What does Google Know about You?
What does Google Know about You?
Rumors swirl around the topic of online privacy. Some Internet users wish to be completely anonymous, some don't know who's watching and couldn't care less. Regardless of your desire for privacy, you should have some idea what your potential for exposure might be. If you are an AdSense publisher, this information is crucial to your understanding of how you might make money or possibly get shut down by Google deities.
Start with a Cookie
It all starts with a cookie. Generally, any web site you visit may leave one or more cookies on your computer. The web site may store information such as the time/date of your visit, how long you stayed, what pages you browsed, and even private information. Your login ID and password (for the specific site, not for your computer) may be encoded into the cookie as well. Some sites may even save credit card information, but generally information that sensitive is either stored on the company computer or not stored all.
Some sites are even more sophisticated. The cookie they store contains only a unique identifier; everything else is stored on the company server. Anytime you visit the site, your browser sends the contents of the cookie to the web server. Any activity is recorded in a database on the 'server side' in a file that is associated with your unique identifier. Information accumulates under your identifier. You have no control whatsoever over the disposition of the collected data. It may persist for many years, being transferred to any number of databases for any imaginable purpose. Any information you provide to the site may become part of your file.
You can delete your cookie. You can't delete the information stored at the other end. You can also block cookies through your browser. All browsers support blocking all cookies; some browsers also support blocking cookies from specific domains.
Should you Block Cookies?
Blocking cookies is a two-edged sword. On one hand you can eliminate many ads by blocking a handful of domains. On the other hand, blocking all cookies will severely limit your browsing experience. Some sites will alert you if they can't leave a cookie. Some sites simply behave erratically without crucial cookie data.
For example, Google.com insists on a cookie before allowing you to configure your Advanced Search settings. Block the Google cookie and you Google will block you from http://www.google.com/advanced_search. Google also requires access to its' cookie when checking your adsense earnings.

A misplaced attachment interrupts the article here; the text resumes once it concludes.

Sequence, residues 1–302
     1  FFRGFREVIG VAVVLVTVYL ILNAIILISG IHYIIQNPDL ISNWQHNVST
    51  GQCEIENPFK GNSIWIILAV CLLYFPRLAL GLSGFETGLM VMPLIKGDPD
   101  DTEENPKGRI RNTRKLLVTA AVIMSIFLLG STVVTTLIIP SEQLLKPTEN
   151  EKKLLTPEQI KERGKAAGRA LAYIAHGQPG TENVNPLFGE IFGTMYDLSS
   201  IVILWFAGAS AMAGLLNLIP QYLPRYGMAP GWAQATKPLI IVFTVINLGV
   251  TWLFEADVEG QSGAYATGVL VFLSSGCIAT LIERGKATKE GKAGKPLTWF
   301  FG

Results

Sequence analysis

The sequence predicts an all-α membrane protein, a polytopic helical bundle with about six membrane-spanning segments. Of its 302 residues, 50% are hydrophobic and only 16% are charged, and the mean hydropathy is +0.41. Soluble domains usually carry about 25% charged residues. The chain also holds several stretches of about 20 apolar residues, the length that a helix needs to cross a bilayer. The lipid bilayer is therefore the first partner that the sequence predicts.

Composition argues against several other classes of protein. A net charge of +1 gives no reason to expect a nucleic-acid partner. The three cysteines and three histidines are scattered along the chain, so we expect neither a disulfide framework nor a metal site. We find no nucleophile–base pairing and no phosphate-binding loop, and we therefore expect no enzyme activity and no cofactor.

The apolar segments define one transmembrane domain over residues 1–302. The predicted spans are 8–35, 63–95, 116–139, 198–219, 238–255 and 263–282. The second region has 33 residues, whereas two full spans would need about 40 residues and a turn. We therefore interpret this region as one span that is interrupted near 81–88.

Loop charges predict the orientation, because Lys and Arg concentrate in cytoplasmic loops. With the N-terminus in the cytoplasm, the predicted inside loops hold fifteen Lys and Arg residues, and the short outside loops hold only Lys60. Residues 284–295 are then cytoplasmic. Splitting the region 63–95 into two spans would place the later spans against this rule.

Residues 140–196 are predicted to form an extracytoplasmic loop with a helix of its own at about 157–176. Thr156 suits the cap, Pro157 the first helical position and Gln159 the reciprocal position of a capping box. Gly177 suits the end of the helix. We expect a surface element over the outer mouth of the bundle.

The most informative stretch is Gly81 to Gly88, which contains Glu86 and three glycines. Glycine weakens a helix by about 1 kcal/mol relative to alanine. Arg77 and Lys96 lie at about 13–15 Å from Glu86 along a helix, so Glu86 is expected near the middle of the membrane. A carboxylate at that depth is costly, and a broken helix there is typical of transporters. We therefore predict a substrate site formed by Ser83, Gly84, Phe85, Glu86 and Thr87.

You don't have to Visit a Site to get a Cookie
Cookies accumulate faster than you might think. Surf to Yahoo.com. You will receive at least one cookie, but probably three or more. Technically you have just visited more than one site. Each company that places an ad on the Yahoo home page will also leave a cookie. The ads originate from a domain other than Yahoo.com. For example, DoubleClick.net serves ads to Yahoo pages. This company leaves a cookie on your computer when you visit Yahoo.com because your browser is also connecting to DoubleClick.net in order to download the advertisement. Every time you visit any other site that is served by DoubleClick.net, the contents of their cookie is returned to them. Your browser sends it automagically, without your knowledge.
Interestingly enough, Google owns DoubleClick.net.
The Good News
No site can read the cookie left by any other site. Yahoo can't read the Google cookie and DoubleClick.net can't read the Amazon.com cookie. However. there's no restriction on servers sharing information from cookies after that information has been (voluntarily) transferred to them by your browser. Rest assured that advertising aggregators apply information collected from cookies to develop sophisticated selling campaigns.
Connecting the Dots
Anytime you visit a site that publishes AdSense content, Google knows about it. They may know more than you imagine. Given that Google has long since stored a cookie on your computer, Google servers receive that cookie from your browser each time you visit Google.com. They assigned you a unique identifier, which is stored in the cookie and is tied to your Google account (for example, my Google account is my Gmail address and password) if you have one.
Note: If you have not identified yourself to Google, all they have is the unique identifier in your cookie. They may still use that to track your online behavior, but the information gathered will not be tied to your name.
A Simple and Powerful Experiment
Caution: This will delete all your cookies. Make sure you understand the ramifications.
- FireFox 3.5.3 under Windows is assumed...
- Close your browser and reopen it
- Click Tools / Clear Recent History
- Under "Time Range to Clear" select Everything
- Under Details, uncheck all the options except cookies
- Click Clear Now and confirm the operation if prompted.
- Close the Clear Recent History window if it's still open. Leave FireFox open.
- Browse to Yahoo.com
- Click Tools / Options / Privacy / Show Cookies. Note the cookies that have accumulated from browsing to Yahoo.com. You will probably see three or four cookies; one from Yahoo.com and several others from advertisers who published on Yahoo.com
More by this Author
A useful text editor is an essential component of any personal computer. Every day we need to make notes, compose documents, and record vital pieces of information. We depend on our text editor. Microsoft provided...
Data Hiding is an aspect of Object Oriented Programming (OOP) that allows developers to protect private data and hide implementation details. In this tutorial we examine basic data hiding techniques in Java.
Ever been to a NASCAR race? I thought not. Here are my top 10 reasons why NASCAR racing doesn't rock.